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It was an absolutely fabulous weekend around these parts, and while it was toasty Sunday, downsloping winds will do that in September through October especially. It was more comfortable on Sunday, though rather windy for awhile.

The big story for us is… nothing. Nothing at all.

No weather of significance is expected for the week. This means days and days of sunshine with some fluctuations in temperatures. That’s about it.

And for rain, nothing is really expected until possibly this coming weekend, and that doesn’t look all that great either right now.

I’ll forgo the usual weather forecast since blogs will be a bit infrequent this week. Next update is coming though on Wednesday with details on Ian, which may be a major hurricane heading toward Florida.

Back to us. Sunday’s EURO forecast sort of said it all really… over the next 9 days:

That’s through the early part of next week and then some. Basically, I’d expect little to no moisture through at least next Wednesday…and perhaps longer.

Temperature trends for the next 2 weeks:

There will likely be some 80s sprinkled in there I think.

So there’s that.

Elsewhere in a slow to develop hurricane season, things have certainly become more active over the last few weeks with now Ian becoming a major headache for Florida and mainly the west coast of Florida.

There are still many questions about the final landing point of Ian, but it is strengthening and organizing well since last night and now a hurricane.

Here is the latest:

There has been a slow but noticeable slight trend toward the west. The EURO has been consistently the most menacing for Tampa with this storm, near or west of the Tampa Bay area for the last few days, but last night sort of trended west a bit more.

The GFS has been farther west, and the Canadian also. The GFS yesterday started to trend east though, putting areas from Tampa to Apalachicola sort of in the crosshairs.

BUT, there are considerations. So models are sort of coming into more of a consensus. The EURO trending west and the GFS a bit farther east, so we get something like this from the “super” ensembles. Overall though the GFS model has been somewhat more accurate in it’s longer range position forecasts of Ian so far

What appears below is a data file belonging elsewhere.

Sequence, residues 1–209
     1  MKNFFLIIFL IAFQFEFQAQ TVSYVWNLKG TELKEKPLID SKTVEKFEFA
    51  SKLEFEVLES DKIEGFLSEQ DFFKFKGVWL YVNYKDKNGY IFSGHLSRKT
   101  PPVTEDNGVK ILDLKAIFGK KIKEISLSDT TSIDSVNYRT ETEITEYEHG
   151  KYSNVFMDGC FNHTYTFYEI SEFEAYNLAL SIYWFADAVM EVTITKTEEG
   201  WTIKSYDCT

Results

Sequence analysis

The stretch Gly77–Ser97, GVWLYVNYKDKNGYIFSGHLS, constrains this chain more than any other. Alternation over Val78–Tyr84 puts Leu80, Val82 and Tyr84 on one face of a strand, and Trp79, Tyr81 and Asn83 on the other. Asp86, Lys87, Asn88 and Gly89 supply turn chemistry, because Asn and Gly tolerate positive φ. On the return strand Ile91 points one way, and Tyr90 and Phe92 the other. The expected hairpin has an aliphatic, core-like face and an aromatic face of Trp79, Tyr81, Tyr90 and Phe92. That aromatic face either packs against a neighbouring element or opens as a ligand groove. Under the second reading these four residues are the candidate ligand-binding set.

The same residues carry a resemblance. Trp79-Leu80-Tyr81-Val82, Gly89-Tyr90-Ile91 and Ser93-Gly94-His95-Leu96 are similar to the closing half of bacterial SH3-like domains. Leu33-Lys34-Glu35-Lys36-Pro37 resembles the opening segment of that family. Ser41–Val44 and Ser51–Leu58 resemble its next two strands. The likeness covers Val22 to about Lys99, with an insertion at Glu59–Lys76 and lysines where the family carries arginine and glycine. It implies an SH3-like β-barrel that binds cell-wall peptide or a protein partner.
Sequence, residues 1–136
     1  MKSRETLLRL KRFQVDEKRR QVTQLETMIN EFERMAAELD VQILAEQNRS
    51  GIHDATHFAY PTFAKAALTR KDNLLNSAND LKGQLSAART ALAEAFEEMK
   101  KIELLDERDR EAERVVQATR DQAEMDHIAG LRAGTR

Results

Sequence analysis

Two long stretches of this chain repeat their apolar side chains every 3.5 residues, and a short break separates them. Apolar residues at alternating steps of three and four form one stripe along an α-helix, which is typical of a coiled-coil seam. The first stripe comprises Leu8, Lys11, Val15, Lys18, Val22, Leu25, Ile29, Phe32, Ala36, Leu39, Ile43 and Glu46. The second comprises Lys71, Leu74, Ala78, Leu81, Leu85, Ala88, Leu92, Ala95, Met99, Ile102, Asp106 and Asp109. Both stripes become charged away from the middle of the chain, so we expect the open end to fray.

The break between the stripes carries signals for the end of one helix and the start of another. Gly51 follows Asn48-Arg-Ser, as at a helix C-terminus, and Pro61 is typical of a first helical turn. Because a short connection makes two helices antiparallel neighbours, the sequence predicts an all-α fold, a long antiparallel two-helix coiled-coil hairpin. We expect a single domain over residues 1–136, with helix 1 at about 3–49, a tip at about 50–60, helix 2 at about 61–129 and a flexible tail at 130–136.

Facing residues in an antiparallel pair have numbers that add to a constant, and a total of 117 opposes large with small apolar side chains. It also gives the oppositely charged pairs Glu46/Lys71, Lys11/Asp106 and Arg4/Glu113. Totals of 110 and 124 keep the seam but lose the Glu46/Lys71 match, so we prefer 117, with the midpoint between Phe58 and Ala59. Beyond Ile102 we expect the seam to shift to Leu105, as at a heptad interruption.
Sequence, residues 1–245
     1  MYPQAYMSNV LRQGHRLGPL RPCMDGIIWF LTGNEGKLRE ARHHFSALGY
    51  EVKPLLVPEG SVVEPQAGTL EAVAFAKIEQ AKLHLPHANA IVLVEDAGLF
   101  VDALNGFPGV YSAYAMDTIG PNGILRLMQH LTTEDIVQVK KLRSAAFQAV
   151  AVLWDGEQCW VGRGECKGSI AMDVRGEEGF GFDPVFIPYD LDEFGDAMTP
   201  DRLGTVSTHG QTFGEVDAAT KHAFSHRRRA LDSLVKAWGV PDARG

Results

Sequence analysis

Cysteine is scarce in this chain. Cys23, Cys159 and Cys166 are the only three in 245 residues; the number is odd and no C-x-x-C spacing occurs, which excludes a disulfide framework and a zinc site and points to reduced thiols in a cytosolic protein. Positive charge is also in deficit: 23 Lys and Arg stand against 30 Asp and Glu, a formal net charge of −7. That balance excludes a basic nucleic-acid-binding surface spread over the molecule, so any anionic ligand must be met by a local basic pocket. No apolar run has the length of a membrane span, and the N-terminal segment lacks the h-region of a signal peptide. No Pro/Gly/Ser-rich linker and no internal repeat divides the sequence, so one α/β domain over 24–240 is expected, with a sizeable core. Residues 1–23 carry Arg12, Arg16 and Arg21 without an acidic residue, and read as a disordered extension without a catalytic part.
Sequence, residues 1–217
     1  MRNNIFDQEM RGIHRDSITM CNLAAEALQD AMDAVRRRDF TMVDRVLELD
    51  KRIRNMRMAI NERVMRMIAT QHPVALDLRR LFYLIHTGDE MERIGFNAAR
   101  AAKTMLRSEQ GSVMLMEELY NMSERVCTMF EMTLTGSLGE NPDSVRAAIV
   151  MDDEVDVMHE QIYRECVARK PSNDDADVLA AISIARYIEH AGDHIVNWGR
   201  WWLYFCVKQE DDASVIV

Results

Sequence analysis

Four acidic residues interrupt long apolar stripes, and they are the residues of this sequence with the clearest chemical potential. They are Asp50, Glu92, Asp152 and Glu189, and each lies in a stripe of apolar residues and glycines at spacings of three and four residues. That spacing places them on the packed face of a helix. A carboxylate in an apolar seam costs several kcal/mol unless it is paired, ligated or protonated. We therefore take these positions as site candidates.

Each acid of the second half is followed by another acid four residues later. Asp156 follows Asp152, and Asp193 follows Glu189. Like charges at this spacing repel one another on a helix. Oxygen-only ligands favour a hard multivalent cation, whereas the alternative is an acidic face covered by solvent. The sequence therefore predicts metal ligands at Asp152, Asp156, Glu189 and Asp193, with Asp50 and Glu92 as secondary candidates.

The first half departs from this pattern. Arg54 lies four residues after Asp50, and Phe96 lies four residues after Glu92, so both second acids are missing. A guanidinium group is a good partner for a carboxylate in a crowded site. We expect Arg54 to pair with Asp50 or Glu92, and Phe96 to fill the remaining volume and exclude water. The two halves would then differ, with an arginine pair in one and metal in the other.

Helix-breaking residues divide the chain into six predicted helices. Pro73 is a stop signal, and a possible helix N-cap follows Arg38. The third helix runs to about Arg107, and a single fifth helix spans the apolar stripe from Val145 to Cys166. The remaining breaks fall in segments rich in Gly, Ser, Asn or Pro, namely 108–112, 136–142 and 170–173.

Via Tomer Burg
  1. Ian is forecast to rapidly intensify, and then on Thursday morning weaken as it integrates with a cold front coming into the region + undergoes stronger wind shear aloft ripping the storm as it approaches the Big Bend region or farther east.
  2. Will Ian even get that far north? IF it goes more towards the Tampa region, landfall would occur earlier and with less of an effect from the wind shear that will be towards the northern Gulf region. This means a likely stronger hurricane.
  3. This could be a BIG problem for the Tampa Bay region because a farther east movement towards the west of Tampa brings a stronger and higher storm surge up into Tampa Bay. This could mean upwards of a 9-12 FOOT storm surge coming up the Bay to the northern part of the Tampa Bay communities and into Lake Tarpon as well. This aspect though remains to be seen.

This would flood lots of areas in the region…IF you look closely you can see how the land would be flooded

Elevations less than 10 feet or so would be vulnerable… and there is a lot of that type of land there.

A slightly offshore major hurricane is probably the worst case of Tampa and it’s surroundings. Stronger winds typically are on the eastern and especially northeastern part of the hurricane and the max storm surge follows suit as well.

4. How strong will Ian be when this happens (or doesn’t with a different track? We do know that the structure is getting more and more organized. We also know that for the next couple of days it is going over some VERY warm waters…typically the warmest of the year as it moves towards western Cuba. These waters are measured by Oceanic Heat Content or OHC…and there is a LOT of it. Warm and deep waters.

Ian will likely pass over western Cuba. It’s not that mountainous and more importantly it’s only about 50 miles from one end to the other in width, so Ian would be interacting with land for under 12 hours, although some if it’s broadening circulation may be disrupted in doing so. It won’t destroy the storm.

So Ian has a lot going for it in terms of it’s ability to strengthen even more compared to where it is this morning from a strength standpoint.

Hurricane Watches are in effect as well as Tropical Storm Watches from Tampa southwards at this point in the morning. These will likely be adjusted and added onto farther northwards.

Feature photo comes from Sheila Jackson

Next update on the blog is Wednesday. See you at 9/10 tonight